by Jon Ashton Published 01/12/2012
This brief review started with an attempt to see if the extra chip area of the 5D and the newer design, could provide a tangible benefit under very difficult shooting conditions and trump the doubling of cost overthe older 7D. The two cameras are aimed at slightly different marketswith the 7D targeting the sports and wildlife sector while the 5D Mk III aims slightly higher at the pricier professional studio and social photographer. These demarcations, though, are a bit arbitrary and we were curious to look at the benefits of the larger chip of the 5D in terms of image quality. The two cameras may be summarised as follows:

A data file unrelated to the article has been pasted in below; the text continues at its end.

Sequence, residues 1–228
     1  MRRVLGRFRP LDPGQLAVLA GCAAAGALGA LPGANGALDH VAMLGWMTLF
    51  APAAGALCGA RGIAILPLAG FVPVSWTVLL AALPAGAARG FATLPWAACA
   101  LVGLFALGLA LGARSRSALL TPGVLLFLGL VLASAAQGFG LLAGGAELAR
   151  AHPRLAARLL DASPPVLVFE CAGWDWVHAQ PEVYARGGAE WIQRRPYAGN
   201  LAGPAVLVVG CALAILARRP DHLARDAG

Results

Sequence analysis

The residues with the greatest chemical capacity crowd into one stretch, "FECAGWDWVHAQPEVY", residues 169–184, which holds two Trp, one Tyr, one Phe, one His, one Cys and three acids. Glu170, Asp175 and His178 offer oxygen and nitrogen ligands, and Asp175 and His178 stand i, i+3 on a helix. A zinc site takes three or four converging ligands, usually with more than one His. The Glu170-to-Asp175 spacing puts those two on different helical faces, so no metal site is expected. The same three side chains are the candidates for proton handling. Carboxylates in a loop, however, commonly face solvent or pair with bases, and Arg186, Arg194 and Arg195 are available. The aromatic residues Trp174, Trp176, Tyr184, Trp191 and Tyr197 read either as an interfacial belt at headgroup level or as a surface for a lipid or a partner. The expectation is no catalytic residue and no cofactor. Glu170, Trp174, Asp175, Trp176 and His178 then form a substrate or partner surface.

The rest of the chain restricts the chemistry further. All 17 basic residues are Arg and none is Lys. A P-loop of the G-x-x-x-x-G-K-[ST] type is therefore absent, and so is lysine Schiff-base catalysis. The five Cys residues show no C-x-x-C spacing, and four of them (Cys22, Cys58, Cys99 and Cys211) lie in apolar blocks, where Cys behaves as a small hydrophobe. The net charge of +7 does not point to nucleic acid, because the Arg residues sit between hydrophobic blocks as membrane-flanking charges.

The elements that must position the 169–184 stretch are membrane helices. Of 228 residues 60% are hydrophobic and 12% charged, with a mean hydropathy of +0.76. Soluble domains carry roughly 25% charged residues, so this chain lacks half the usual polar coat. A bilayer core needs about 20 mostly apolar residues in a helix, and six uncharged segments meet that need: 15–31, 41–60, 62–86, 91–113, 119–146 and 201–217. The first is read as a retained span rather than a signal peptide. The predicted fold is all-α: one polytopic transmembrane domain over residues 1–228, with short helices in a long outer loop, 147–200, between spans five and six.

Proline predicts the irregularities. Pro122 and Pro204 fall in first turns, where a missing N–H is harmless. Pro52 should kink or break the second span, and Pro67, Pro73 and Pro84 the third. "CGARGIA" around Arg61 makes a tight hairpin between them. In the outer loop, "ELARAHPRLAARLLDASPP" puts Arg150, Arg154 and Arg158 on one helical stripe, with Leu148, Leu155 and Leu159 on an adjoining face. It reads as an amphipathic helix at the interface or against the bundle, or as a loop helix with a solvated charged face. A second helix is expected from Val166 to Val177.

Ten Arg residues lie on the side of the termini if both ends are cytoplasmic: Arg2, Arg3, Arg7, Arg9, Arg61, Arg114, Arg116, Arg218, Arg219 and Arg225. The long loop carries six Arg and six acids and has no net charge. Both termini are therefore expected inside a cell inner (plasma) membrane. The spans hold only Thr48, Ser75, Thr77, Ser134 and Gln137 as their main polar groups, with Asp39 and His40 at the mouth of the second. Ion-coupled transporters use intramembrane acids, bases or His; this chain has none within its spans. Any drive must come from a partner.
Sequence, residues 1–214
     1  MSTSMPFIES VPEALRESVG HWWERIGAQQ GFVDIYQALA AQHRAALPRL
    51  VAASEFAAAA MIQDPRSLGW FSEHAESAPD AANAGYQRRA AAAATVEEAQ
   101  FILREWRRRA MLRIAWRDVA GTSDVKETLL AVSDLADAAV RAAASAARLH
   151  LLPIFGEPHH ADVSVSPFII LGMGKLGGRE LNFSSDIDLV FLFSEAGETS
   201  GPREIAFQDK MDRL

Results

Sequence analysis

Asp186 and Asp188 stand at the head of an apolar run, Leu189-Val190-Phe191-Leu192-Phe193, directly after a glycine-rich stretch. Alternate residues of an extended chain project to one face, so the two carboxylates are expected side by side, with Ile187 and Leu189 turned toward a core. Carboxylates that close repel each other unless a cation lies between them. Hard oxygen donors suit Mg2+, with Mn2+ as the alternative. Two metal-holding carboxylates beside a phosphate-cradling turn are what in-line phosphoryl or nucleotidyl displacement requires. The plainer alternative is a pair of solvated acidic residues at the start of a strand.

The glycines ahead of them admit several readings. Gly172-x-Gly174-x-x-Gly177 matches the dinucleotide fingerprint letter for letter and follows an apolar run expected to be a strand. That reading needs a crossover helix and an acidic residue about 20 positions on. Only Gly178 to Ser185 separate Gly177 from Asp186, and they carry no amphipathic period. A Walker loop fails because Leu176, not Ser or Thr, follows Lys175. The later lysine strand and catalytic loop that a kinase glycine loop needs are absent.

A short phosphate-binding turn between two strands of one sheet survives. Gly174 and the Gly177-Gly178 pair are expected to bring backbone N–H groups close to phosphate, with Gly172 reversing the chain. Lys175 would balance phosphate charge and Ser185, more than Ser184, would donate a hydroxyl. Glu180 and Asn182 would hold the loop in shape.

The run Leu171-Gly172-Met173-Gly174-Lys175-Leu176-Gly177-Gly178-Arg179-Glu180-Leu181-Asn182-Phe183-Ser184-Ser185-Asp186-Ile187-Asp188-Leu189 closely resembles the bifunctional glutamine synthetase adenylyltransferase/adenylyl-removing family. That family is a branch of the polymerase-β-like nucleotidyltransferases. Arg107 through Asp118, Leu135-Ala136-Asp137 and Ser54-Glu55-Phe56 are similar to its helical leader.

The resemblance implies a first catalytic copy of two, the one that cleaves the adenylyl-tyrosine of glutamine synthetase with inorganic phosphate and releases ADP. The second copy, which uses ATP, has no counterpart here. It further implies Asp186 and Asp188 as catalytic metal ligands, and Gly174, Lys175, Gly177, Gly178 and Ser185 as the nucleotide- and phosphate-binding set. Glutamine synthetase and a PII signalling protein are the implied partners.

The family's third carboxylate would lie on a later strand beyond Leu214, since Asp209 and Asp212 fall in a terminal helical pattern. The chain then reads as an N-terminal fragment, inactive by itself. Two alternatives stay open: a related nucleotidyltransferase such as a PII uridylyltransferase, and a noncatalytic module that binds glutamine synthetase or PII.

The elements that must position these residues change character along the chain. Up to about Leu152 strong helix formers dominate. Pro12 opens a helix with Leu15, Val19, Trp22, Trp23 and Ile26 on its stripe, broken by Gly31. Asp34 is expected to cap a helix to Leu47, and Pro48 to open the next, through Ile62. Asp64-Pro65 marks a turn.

We had a specific trial in mind in order to torture the 5D. The Dee Estuary is home to a transient population of short-eared owls who patrol the reedy marshes, hunting for voles. They are beautiful, majestic birds who are reasonably accommodating in terms of human presence but can be very illusive. Infuriatingly this turned out to be the case, Jon Ashton had wonderful images with his 7D but then, during the 20-day testing window available, not a one was seen - that's wildlife photography for you! Shorties present the photographer with a great challenge; they fly mainly at dusk and dawn although they do need enough light to hunt well. However, attractive though the autumn light is in terms of quality, it is never strong and a severe challenge to optics, focusing, camera noise and hand/eye coordination! Additionally the marshes provide a vast area for hunting and the birds are as likely to be way out of reach as patrolling right in front of you. A 500mm lens is considered the shortest you can get away with and converters are frequently employed as well.
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